Since bullying might actually continue during this interval, targets often have difficulty concealing the change in their willingness to engage. Self-control is essential. But if the target can dupe the bully until preparations are complete, a surprise counterattack can be very successful. Go to top Top  Next issue: Project Improvisation Fundamentals  Next Issue

101 Tips for Targets of Workplace BulliesIs a workplace bully targeting you? Do you know what to do to end the bullying? Workplace bullying is so widespread that a 2014 survey indicated that 27% of American workers have experienced bullying firsthand, that 21% have witnessed it, and that 72% are aware that bullying happens. Yet, there are few laws to protect workers from bullies, and bullying is not a crime in most jurisdictions. 101 Tips for Targets of Workplace Bullies is filled with the insights targets of bullying need to find a way to survive, and then to finally end the bullying. Also available at Apple's iTunes store! Just . Order Now!

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This article in its entirety was written by a human being. No machine intelligence was involved in any way.

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Related articles

More articles on Workplace Bullying:

A straw-bale houseResponding to Threats: I
Threats are one form of communication common to many organizational cultures, especially as pressure mounts. Understanding the varieties of threats can be helpful in determining a response that fits for you.
Senator Joseph R. McCarthy (Democrat of Wisconsin)Confronting the Workplace Bully: II
When bullied, one option is to fight back, but many don't, because they fear the consequences. Confrontation is a better choice than many believe — if you know what you're doing.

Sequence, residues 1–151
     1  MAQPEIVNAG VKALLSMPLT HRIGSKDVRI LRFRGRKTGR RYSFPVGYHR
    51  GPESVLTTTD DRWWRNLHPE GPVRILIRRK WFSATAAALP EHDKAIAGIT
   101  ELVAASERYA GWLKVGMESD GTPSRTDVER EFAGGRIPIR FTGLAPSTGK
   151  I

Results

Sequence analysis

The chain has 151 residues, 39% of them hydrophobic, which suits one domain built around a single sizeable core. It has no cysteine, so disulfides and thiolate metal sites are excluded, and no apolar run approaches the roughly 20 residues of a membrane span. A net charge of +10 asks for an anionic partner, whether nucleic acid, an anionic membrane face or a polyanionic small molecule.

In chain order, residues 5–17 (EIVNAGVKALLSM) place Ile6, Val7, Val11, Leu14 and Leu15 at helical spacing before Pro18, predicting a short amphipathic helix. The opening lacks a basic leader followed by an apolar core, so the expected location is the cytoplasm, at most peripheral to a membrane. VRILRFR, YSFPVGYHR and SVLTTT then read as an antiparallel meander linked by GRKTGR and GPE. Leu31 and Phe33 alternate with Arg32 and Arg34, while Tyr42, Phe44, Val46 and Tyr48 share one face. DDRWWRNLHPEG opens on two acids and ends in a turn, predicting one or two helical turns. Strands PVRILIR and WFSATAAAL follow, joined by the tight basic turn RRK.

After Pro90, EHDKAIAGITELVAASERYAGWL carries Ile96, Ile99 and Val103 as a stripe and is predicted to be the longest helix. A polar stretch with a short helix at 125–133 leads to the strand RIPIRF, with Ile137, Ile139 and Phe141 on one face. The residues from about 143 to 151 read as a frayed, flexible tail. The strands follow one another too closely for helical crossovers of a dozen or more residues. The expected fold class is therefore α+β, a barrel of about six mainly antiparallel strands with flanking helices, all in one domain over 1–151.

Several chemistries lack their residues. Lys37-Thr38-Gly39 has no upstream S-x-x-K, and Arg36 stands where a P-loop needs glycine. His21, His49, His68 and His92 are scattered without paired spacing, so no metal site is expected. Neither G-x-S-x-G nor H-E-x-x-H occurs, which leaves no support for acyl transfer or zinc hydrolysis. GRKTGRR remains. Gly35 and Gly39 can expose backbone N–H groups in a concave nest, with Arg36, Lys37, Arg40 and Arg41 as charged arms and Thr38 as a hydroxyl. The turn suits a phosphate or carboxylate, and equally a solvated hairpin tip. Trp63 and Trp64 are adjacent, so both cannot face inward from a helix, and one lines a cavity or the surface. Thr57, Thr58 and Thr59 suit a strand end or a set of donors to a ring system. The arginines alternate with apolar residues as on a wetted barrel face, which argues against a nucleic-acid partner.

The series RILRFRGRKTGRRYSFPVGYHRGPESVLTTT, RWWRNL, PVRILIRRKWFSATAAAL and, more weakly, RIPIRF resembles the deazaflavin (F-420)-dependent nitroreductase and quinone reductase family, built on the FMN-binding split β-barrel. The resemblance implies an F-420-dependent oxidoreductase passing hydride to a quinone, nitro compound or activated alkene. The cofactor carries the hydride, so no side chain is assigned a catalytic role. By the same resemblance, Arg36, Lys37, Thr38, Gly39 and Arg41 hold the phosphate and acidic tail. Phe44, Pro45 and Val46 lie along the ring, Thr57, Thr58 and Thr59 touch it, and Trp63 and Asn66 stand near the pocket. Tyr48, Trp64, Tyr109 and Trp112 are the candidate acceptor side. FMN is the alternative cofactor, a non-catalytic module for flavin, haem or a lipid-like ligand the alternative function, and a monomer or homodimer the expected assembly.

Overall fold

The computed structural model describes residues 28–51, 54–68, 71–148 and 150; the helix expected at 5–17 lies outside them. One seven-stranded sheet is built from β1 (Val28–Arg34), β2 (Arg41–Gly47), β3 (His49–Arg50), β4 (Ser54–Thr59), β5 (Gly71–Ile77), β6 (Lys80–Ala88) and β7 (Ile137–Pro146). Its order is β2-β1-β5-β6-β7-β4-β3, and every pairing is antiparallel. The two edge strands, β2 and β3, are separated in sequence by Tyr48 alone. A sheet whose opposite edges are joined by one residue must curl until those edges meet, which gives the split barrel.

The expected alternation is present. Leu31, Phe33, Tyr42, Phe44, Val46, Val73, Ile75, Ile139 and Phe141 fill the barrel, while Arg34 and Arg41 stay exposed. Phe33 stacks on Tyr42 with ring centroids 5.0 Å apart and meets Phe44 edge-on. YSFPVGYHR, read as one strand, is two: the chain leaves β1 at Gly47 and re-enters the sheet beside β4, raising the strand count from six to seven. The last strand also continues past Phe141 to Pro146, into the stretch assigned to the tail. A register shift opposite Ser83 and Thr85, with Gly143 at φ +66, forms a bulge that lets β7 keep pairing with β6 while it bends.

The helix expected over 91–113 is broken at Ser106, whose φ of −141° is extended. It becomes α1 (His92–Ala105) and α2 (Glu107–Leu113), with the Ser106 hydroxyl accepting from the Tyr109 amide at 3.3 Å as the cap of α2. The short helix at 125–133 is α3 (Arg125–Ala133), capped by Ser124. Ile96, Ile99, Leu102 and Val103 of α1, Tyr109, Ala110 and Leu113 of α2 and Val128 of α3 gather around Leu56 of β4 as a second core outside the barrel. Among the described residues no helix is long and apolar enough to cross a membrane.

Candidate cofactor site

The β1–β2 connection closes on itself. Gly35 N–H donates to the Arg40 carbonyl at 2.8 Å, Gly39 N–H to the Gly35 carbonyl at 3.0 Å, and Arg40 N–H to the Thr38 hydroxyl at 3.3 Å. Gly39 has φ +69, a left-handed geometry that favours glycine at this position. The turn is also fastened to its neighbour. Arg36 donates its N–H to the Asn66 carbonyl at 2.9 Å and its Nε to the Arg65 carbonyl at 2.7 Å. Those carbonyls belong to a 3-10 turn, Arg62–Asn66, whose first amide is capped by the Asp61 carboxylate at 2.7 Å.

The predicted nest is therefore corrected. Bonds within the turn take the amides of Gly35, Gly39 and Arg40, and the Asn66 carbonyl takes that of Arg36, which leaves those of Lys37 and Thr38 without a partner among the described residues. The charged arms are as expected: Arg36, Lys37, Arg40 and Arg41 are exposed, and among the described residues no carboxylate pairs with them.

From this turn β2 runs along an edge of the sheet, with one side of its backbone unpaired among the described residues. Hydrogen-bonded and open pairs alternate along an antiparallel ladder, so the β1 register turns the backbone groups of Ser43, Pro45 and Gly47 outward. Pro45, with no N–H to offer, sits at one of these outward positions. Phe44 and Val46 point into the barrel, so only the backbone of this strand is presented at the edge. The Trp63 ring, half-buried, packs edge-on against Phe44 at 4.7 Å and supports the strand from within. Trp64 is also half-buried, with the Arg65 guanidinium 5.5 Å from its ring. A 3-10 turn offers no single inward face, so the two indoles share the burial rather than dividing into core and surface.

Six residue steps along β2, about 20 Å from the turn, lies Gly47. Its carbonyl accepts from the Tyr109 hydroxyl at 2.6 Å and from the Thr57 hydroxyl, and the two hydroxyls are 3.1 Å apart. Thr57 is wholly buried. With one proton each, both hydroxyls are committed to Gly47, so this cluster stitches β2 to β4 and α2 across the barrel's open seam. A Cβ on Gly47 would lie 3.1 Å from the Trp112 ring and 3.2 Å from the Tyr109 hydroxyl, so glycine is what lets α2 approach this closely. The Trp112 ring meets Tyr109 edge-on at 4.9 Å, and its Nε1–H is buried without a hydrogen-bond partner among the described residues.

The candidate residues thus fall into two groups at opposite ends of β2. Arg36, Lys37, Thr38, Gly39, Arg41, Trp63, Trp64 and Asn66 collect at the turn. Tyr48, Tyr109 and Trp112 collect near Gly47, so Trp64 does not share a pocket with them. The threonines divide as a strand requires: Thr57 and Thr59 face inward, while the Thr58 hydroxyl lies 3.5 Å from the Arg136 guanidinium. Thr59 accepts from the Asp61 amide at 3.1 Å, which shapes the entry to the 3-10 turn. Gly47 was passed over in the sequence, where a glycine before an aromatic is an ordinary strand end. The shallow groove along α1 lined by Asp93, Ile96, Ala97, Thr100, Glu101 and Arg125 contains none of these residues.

Comparision of brain scans before and after a concussionMeeting Bullies: Advice for Chairs
Bullying in meetings is difficult to address, because intervention in the moment is inherently public. When bullying happens in meetings, what can you do?
A vervet monkey (Chlorocebus pygerythrus) in TanzaniaSee No Bully, Hear No Bully
Supervisors of bullies sometimes are unaware of bullying activity in their organizations. Here's a collection of indicators for supervisors who suspect bullying but who haven't witnessed it directly.
An owl of undetermined speciesBullying by Proxy: I
The form of workplace bullying perhaps most often observed involves a bully and a target. Other forms are less obvious. One of these, bullying by proxy, is especially difficult to control, because it so easily evades most anti-bullying policies.

See also Workplace Bullying and Conflict Management for more related articles.

Forthcoming issues of Point Lookout

What most of us think of when we think of checklistsComing February 28: Checklists: Conventional or Auditable
Checklists help us remember the steps of complex procedures, and the order in which we must execute them. The simplest form is the conventional checklist. But when we need a record of what we've done, we need an auditable checklist. Available here and by RSS on February 28.
Adolf Hitler greets Neville Chamberlain at the beginning of the Bad Godesberg meeting on 24 September 1938And on March 6: Six More Insights About Workplace Bullying
Some of the lore about dealing with bullies at work isn't just wrong — it's harmful. It's harmful in the sense that applying it intensifies the bullying. Here are six insights that might help when devising strategies for dealing with bullies at work. Example: Letting yourself be bullied is not a thing. Available here and by RSS on March 6.